For a long time, I never realised how simple certain milks and cheeses were to make at home. I would often be caught out when recipes called for ‘one cup of buttermilk’ or ‘two tablespoons of ricotta’. Damn! I would mutter, dragging myself down to the shops. Other times when I just couldn’t summon the energy to race out and buy what the recipe called for, I risked throwing the whole thing out of whack by replacing said ingredient with (often questionable) substitutes.
Luckily, my eyes have now been opened to the ease with which some of these awesome ingredients – coconut milk, buttermilk, cream cheese and ricotta – can be whipped up at home. These recipes are easy, economical and best of all, you know exactly what is going into your product. If this last point is important to you, I recommend always using high quality ingredients to start with. This includes filtered water, good quality sea salt, milk, and yoghurt, and unsweetened preservative-free coconut flakes.
Homemade Coconut Milk
Adapted from this recipe, by Tropical Traditions.
Makes 1.5 cups (approx 375mL)
1 cup coconut flakes (approx 70gm). Preferably unsweetened & preservative free e.g this brand
2 cups hot water (not boiling). Preferably filtered.
1. Add coconut flakes to blender. Pour in water and allow flakes to soak for 2 minutes.
2. Blend for 2 minutes.
3. Pour mixture through a straining cloth (muslin cloth, cheesecloth, a (clean!) thin tea towel, or an un-used chux cloth) and into a bowl.
4. Squeeze cloth well to extract all coconut milk.
Refrigerate your coconut milk and use it in cooking, baking and tea/coffee. What to do with the leftover coconut flesh? Add it to your baked goods or try making coconut flour!
Makes 1 cup (250mL)
1 cup (250mL) good quality milk (whole milk or semi-skimmed work best)
1 tablespoon lemon juice (white vinegar or ACV will also work)
1. Add your acid (lemon juice or vinegar) to a bowl (I use a 500mL measuring jug).
2. Pour in the milk, and whisk with a fork to combine.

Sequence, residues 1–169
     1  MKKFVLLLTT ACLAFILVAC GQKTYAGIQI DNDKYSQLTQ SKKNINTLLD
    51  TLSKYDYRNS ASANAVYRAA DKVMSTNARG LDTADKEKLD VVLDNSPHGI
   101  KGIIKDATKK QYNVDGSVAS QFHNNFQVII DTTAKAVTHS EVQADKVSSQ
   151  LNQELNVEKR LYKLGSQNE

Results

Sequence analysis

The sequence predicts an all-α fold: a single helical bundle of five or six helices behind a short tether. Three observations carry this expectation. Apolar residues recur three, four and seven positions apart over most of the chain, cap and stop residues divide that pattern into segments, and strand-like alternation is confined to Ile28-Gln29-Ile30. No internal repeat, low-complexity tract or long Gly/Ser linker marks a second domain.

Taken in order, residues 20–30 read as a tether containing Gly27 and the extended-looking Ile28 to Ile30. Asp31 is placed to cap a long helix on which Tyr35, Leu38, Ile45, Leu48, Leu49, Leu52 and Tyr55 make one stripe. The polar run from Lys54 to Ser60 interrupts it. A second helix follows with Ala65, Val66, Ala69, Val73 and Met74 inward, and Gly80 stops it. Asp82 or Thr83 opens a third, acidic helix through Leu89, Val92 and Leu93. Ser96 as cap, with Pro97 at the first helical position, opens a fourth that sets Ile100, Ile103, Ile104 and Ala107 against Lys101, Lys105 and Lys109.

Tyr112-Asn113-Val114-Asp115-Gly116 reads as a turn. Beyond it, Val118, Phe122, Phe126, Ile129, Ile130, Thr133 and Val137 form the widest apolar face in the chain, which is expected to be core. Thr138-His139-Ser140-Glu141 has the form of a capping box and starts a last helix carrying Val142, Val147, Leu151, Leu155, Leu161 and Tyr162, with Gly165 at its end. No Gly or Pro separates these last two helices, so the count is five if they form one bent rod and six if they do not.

3. Let buttermilk rest at room temperature for 10 minutes before use.
If not using immediately, store buttermilk in the fridge. Use in pancakes, scones or as recipe directs – it plays a role in making baked goods airy and light.
Homemade Cream Cheese
Makes 2/3 cup (+ 1/3 cup of whey)
1. Scoop yoghurt into a straining cloth (muslin cloth, cheesecloth, a (clean!) thin tea towel, or an un-used chux cloth) and suspend it over a bowl. I like to tie my cloth to a wooden spoon, and prop the ends of the spoon between two tall jars. The idea is for the liquid (whey) to separate from the rest of the yoghurt by dripping into the bowl.
2. Leave yoghurt to strain for 12 hours. You can leave it for longer (up to 24 hours) but note that this will produce a thicker, less moist cream cheese. During the cooler months, I tend to strain my yoghurt overnight on the bench at room temperature, but you can also let it strain in the fridge.
After 12 hours, check to see if you are happy with the consistency of the cream cheese. If not, leave it to strain for longer. Store cream cheese in the fridge and use it as a spread on bread and vegetables, mixed with herbs as a dip, or sweetened for baking. Whatever you do, don’t throw out your whey! Freeze or refrigerate it, and use it to make mayonnaise, sauerkraute, or add it to your smoothies for extra protein.
Adapted from this recipe, by Not Quite Nigella.
Makes 1/3 cup. *Note: double or triple the recipe to get a higher yield.
500mL (2 cups) good quality whole milk
1/4 teaspoon salt (preferably sea salt)
1 tablespoon lemon juice
1. In a saucepan, add milk and salt and gently heat until it is almost boiling (but not quite). Keep a close eye on it to ensure it does not boil and overflow.
2. Remove milk from the heat, and stir in lemon juice.
3. Allow mixture to rest for 10 minutes.
4. Pour mixture through a straining cloth (muslin cloth, cheesecloth, a (clean!) thin tea towel, or an un-used chux cloth) and into a bowl (I’ve been known to use pegs to secure my cloth over the top of the bowl). The liquid whey will drip into the bowl beneath, and the curdles – the ricotta – will remain in the cloth.
5. Allow ricotta to strain for at least 30 minutes, or until desired consistency is achieved.
Store ricotta in the fridge and use it as a spread on bread or pancakes, in pasta dishes, to make falafel (recipe coming soon!), or sweetened for baking. Whatever you do, don’t throw out your whey! Freeze or refrigerate it, and use it to make mayonnaise, sauerkraute, or add it to your smoothies for extra protein.
Best of luck – if you give any of these recipes a shot I’d love to know how you go!